I have been doing some studying on the yearly food fest known as Thanksgiving and have learned some facts, some of them damn startling…others not surprising at all. What shocked me about Thanksgiving and what are the truths I learned that were not so astounding?
- It was not established as a religious holiday, contrary to popular belief. Now I don’t have to worry about offending more pious relatives when I refuse to ‘bless’ my food!
- The first Thanksgiving was not really the first – it was an extravaganza spread out over a couple of days, a carryover from the English harvest festivals that were celebrated around the end of September.
- New York state officially made a day of Thanksgiving an annual celebration in 1817. By the middle of the century, so had many other states. However, it wasn’t until 1863 that President Lincoln declared the final Thursday in November to be the holiday known as Thanksgiving – though it was not adopted officially (1939) until President F. D. Roosevelt made it so – though he kept changing the Thursday from the 2nd to the 4th to the 3rd due to some Novembers having more Thursdays than others). Congress passed it into official existence in 1941.
- The Pilgrims and the Native Americans were not friends.The Pilgrims did not invite the Indians to their harvest fest, nor did they exchange gifts of food and such with the Natives. According to many sites, there was a slaughter of the Wampanoag people by the supposedly peaceful and ultra-religious Pilgrims. From Indian Country Today comes this appalling information: According to Mashpee Wampanoag Tribal Historic Preservation Officer Ramona Peters, “It was Abraham Lincoln who used the theme of Pilgrims and Indians eating happily together. He was trying to calm things down during the Civil War when people were divided. It was like a nice unity story.”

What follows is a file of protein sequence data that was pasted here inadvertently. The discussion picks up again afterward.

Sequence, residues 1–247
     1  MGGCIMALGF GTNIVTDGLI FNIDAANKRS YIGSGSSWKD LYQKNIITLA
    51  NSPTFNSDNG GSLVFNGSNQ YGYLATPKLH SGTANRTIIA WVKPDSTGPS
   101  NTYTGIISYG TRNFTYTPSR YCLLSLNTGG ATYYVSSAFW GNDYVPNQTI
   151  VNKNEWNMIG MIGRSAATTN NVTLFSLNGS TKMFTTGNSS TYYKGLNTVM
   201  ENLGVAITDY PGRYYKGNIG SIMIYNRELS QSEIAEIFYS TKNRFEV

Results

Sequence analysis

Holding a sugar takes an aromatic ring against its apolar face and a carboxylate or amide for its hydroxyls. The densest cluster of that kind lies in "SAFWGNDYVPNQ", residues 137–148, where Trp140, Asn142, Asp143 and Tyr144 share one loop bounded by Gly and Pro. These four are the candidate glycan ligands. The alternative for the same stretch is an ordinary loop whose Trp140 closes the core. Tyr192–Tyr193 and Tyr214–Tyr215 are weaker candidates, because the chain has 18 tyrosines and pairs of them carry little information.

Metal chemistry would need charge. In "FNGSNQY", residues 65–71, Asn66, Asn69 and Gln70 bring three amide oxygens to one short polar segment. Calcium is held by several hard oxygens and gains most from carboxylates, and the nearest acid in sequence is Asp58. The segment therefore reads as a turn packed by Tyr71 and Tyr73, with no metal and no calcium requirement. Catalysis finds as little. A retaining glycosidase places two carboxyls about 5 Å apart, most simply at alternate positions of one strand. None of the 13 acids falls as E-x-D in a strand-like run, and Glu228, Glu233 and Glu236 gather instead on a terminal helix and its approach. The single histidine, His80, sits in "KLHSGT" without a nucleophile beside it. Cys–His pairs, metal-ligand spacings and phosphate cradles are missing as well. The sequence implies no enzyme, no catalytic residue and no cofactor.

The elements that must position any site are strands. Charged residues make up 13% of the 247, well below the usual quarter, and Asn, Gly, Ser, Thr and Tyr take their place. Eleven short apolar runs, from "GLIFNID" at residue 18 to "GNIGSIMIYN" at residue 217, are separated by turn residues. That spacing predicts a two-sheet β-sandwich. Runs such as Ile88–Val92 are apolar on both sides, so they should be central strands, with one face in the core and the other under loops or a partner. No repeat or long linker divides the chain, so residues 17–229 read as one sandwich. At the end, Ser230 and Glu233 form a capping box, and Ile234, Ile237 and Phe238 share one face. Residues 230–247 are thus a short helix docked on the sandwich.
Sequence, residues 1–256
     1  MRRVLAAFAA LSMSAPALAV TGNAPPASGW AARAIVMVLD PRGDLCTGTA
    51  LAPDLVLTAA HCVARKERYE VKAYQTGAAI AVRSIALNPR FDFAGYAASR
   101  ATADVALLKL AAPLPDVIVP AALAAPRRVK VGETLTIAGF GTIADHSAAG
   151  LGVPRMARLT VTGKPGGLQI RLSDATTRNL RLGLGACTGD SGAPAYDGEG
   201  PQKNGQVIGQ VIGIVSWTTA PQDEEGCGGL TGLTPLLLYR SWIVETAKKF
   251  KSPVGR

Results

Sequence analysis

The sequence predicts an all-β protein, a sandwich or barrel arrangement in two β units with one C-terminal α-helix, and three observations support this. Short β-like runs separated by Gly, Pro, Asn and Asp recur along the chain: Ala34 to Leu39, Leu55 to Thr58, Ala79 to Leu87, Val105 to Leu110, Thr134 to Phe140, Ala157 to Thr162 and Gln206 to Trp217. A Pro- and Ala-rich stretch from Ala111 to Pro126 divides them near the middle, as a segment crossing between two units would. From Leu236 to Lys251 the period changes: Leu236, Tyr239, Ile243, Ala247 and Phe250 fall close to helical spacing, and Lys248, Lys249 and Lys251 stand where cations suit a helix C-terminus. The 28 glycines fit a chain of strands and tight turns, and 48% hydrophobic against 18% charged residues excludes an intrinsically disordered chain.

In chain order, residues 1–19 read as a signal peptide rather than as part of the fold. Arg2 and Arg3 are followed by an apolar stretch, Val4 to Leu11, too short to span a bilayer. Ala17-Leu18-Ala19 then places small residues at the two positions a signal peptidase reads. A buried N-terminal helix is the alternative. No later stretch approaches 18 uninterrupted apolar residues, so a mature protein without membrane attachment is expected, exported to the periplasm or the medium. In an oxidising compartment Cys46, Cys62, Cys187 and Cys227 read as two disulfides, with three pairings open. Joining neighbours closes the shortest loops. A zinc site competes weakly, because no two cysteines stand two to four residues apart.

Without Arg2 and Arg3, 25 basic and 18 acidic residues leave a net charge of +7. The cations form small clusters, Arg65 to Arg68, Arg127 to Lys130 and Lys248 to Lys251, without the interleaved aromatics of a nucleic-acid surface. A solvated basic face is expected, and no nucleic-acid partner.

- Also from Indian Country Today, as well as several other websites I perused during my 2-day research: In 1621, though the Pilgrims celebrated a feast, it was not repeated in the years to follow. In 1636, a murdered white man was found in his boat and the Pequot were blamed. In retaliation settlers burned Pequot villages.Additionally, English Major John Mason rallied his troops to further burn Pequot wigwams and then attacked and killed hundreds more men, women and children. According to Mason’s reportsof the massacre, “We must burn them! Such a dreadful terror let the Almighty fall upon their spirits that they would flee from us and run into the very flames. Thus did the Lord judge the heathen, filling the place with dead
bodies.” The day after the massacre, William Bradford who was also the Governor of Massachusetts Bay Colony, wrote that from that day forth shall be a day of celebration and thanks giving for subduing the Pequots and “For the next 100 years, every Thanksgiving Day ordained by a Governor was in honor of the bloody victory, thanking God that the battle had been won.”